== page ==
Having just visited Grand Central Station a few days ago, thought I would reacquaint myself with the inside of the Amherst train station off Main Street (photo). In a word -- spare.
Great Frontline, last night, on the "News War" and L.A. Times as an example of a newspaper in the middle of the maelstrom. I'm definitely going to read the extended interviews online at ashttp://www.pbs.org/wgbh/pages/frontline/newswar/interviews/. I particularly liked some of the things Larry Kramer, president of CBS Digital Media, and John Carroll, former editor of L.A. Times, had to say.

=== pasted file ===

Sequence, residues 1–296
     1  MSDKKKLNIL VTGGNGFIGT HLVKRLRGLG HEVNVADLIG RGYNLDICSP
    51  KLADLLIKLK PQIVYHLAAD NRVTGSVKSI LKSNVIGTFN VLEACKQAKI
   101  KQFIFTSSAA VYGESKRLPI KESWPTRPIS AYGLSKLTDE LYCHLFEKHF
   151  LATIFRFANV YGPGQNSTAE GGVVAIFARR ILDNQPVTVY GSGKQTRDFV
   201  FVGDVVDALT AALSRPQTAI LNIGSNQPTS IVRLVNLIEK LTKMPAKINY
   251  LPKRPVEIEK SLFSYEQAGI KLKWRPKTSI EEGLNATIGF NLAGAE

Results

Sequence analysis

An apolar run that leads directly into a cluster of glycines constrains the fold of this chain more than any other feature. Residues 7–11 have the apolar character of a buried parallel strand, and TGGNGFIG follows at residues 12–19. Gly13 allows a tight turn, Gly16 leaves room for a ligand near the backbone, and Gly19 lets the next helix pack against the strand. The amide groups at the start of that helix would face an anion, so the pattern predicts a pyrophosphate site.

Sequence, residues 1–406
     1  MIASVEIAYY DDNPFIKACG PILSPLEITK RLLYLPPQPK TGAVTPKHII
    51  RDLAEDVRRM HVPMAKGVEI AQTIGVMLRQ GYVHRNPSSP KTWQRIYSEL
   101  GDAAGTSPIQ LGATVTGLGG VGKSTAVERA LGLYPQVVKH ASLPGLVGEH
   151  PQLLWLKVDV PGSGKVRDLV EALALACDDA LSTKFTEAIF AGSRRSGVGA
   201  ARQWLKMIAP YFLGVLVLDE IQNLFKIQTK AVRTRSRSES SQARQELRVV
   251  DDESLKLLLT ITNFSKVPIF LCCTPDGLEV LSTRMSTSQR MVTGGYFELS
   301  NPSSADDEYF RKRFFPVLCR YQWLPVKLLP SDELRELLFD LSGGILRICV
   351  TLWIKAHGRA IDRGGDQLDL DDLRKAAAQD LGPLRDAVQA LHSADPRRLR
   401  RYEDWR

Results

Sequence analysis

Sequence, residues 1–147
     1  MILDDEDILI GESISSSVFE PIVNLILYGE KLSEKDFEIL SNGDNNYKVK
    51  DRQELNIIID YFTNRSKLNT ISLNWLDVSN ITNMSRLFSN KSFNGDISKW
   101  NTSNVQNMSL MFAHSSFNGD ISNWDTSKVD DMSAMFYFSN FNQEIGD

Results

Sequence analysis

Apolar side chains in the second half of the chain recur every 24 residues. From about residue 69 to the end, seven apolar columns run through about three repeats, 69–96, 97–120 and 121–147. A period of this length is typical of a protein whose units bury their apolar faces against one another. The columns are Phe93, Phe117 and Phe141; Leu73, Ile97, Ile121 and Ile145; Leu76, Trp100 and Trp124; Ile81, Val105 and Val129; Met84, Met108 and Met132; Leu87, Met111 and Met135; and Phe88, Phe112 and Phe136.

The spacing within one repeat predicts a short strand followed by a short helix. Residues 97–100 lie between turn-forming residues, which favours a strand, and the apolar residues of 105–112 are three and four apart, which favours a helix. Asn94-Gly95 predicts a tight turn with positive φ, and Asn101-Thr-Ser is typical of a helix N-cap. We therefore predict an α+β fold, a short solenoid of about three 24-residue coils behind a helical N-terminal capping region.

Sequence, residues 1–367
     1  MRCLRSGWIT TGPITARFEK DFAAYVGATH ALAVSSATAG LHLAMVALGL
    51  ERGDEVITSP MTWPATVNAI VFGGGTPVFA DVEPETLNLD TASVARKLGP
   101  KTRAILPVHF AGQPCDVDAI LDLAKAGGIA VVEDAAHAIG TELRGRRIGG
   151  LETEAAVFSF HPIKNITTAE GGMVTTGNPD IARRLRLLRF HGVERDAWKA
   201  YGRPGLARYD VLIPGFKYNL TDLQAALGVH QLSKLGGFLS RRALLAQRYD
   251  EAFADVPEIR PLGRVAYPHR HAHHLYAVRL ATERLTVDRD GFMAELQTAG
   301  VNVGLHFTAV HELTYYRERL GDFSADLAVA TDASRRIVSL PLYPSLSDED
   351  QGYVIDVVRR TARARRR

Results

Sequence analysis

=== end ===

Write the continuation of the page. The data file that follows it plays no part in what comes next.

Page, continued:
Just about everything that could be called journalism online has its start with experienced reporters on the ground; if they go, everyone is in trouble, Carroll said.
Kramer is really good on the benefits of having stories online -- you can link to all kinds of supplemental and background material. News on paper, on the other hand, gives readers a context depending on where articles are placed. Also thrusts in front of us news we wouldn't necessarily seek -- and therefore not be exposed to online, where we can zero in on just what we're interested in. Love this Kramer quote:
"The ratings issue is an interesting one, because this is the chicken-and-egg problem. Do you do stories that taste good, or do you do stories that are good for you? And will people view and read stories that are good for you, or will they read the stories that taste good? It's a never-ending problem. "